Light-emitting devices can release photons in response to excitation of an active component of the device. Emission can be stimulated by applying a voltage across the active component (e.g., an electroluminescent component) of the device. The electroluminescent component can be a polymer, such as a conjugated organic polymer or a polymer containing electroluminescent moieties or layers of organic molecules. Typically, the emission can occur by radiative recombination of an excited charge between layers of a device. The emitted light has an emission profile that includes a maximum emission wavelength, and an emission intensity, measured in luminance (candelas/square meter (cd/m2) or power flux (W/m2)). The emission profile, and other physical characteristics of the device, can be altered by the electronic structure (e.g., energy gaps) of the material. For example, the brightness, range of color, efficiency, operating voltage, and operating half-lives of light-emitting devices can vary based on the structure of the device.

SUMMARY

In general, a high oscillator strength thin film can be applied to a surface. The film can have an absorption coefficient greater than 105 cm−1, for example, greater than or equal to 106 cm−1. Thin films characterized by a high absorption coefficient and methods for making such films are provided. The films are formed by adsorption into layered structures of charged species with strong dipole-dipole interactions between species. The films are built by adsorption of species with alternating charge on a solid substrate e.g., glass, silicon, a polymer surface, or a previous polymer film disposed on a substrate, etc.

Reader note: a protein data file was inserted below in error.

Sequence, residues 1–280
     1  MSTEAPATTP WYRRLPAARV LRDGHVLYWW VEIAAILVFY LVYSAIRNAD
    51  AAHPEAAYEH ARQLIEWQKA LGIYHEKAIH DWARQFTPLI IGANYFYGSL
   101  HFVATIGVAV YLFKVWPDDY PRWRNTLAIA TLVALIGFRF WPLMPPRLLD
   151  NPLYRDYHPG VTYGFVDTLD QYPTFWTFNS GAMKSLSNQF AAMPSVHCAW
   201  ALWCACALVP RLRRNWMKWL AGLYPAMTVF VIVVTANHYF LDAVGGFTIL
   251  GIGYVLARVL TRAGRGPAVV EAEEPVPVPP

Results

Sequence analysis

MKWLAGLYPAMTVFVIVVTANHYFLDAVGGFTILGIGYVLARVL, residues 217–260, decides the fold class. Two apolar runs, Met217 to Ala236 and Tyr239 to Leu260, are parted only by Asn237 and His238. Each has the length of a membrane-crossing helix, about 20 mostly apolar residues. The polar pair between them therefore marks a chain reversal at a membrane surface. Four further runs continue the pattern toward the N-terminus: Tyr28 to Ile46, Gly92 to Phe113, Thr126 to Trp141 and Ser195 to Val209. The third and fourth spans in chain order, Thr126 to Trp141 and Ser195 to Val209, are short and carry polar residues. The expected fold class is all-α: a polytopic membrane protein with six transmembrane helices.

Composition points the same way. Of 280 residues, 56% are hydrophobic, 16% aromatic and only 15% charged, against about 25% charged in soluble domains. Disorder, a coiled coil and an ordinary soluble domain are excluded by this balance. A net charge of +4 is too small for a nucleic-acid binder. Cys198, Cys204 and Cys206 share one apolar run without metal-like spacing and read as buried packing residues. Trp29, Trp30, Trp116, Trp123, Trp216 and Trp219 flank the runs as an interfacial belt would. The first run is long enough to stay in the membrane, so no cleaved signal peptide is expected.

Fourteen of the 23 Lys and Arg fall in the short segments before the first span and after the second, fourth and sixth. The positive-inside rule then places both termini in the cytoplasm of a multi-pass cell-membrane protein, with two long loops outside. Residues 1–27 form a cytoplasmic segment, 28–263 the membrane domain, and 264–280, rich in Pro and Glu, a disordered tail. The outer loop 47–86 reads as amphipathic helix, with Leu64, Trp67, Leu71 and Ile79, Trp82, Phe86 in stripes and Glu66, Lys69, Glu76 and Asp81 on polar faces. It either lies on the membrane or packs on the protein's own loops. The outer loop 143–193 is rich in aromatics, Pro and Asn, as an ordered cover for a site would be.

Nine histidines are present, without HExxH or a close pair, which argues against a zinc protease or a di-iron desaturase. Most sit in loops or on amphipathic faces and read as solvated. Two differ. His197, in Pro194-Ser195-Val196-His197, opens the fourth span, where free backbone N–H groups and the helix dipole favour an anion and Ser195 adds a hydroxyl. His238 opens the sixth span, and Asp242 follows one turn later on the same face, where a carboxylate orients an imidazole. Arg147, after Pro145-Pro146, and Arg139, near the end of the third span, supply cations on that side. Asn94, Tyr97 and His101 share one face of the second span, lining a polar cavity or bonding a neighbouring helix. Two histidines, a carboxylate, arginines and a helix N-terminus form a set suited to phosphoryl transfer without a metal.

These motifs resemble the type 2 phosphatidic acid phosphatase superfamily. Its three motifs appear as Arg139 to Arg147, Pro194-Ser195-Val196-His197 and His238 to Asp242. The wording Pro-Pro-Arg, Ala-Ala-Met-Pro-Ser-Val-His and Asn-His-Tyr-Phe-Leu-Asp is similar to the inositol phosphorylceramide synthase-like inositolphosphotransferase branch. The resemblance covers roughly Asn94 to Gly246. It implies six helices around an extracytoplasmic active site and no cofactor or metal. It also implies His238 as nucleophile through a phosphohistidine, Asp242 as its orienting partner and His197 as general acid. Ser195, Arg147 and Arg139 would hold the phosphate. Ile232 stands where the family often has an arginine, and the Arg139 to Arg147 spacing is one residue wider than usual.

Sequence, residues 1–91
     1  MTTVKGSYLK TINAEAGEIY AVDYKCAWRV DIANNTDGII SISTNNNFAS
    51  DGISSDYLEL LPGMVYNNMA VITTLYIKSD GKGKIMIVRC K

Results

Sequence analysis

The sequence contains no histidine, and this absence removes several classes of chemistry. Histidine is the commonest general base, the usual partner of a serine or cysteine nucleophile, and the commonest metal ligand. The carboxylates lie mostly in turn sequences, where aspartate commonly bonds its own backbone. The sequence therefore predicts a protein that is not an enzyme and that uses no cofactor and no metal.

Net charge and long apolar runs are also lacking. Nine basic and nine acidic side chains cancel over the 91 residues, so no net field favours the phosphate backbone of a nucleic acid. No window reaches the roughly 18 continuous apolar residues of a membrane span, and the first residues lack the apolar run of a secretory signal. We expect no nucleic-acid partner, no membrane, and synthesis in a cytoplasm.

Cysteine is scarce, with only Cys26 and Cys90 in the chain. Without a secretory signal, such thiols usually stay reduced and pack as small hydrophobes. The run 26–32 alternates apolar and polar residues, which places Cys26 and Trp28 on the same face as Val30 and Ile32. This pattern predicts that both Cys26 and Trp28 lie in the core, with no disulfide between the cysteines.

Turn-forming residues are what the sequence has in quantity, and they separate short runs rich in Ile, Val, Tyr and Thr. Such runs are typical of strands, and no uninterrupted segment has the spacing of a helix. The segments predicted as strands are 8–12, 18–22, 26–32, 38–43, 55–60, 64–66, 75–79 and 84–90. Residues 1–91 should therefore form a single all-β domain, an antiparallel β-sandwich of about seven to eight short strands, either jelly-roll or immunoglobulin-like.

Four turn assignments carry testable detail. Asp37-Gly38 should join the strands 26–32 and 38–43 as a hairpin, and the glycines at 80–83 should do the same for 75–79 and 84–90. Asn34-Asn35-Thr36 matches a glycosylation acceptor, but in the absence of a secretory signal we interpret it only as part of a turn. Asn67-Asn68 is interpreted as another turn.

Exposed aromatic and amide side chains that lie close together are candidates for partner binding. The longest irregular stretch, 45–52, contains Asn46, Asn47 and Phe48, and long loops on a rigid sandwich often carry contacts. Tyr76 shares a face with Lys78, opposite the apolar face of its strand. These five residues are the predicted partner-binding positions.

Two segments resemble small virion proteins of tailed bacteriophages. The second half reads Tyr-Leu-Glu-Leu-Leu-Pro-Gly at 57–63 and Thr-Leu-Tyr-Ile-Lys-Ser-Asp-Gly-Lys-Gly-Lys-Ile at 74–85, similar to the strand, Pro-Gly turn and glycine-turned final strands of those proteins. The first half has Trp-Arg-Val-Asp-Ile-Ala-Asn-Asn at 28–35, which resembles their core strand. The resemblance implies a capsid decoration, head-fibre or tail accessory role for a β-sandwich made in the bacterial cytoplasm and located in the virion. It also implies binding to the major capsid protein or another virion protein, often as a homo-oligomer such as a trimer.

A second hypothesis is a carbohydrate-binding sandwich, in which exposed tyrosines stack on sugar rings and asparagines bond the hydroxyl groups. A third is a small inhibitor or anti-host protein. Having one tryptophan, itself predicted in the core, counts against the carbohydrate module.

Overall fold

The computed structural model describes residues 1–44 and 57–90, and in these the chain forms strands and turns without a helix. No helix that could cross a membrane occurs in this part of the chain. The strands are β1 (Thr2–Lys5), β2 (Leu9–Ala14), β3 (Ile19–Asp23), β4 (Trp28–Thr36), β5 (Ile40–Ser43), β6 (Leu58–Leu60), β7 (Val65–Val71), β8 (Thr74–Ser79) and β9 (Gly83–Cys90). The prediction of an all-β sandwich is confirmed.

The high absorption coefficient arises from the interaction of dipoles in a plane perpendicular to the probe direction. The process used to form these films allows for strong dipole interactions within the adsorbed layer. Additionally, the process allows for precise deposition of a single physical layer of the dipole-dipole-interacting absorbing species. As a result, the dipole-dipole interactions in the plane of absorbing species perpendicular to the probe direction provide a high absorption constant in the thin film.

In one aspect, a light absorbing film includes a light absorbing material and a multiply charged material adjacent to the light absorbing material, wherein the light absorbing material and the multiply charged material interact noncovalently. A first molecule of the light absorbing material can form a dipole-dipole interaction with a second molecule of the light absorbing material. The light absorbing material can be a J-aggregate. The light absorbing material can include a cyanine dye. The film can have an absorption coefficient of at least 105 cm−1 at a wavelength between 100 nm and 10,000 nm; of at least 105 cm−1 at a wavelength between 300 nm and 700 nm; of at least 105 cm−1 at a wavelength between 700 nm and 2,000 nm; of at least 106 cm−1 at a wavelength between 100 nm and 10,000 nm; of at least 106 cm−1 at a wavelength between 300 nm and 700 nm; or of at least 106 cm−1 at a wavelength between 700 nm and 2,000 nm.

In another aspect, a method of forming a light absorbing film includes contacting a substrate with a multiply charged material, and contacting the substrate with a light absorbing material having an opposite charge. Contacting the substrate with a multiply charged material includes contacting the substrate with a solution of the multiply charged material. Contacting the substrate with a light absorbing material can include contacting the substrate with a solution of the light absorbing material. Contacting the substrate with the multiply charged material includes forming a layer of the multiply charged material on the substrate. Contacting the substrate with a light absorbing material can include forming a layer of light absorbing material adjacent to the layer of multiply charged material.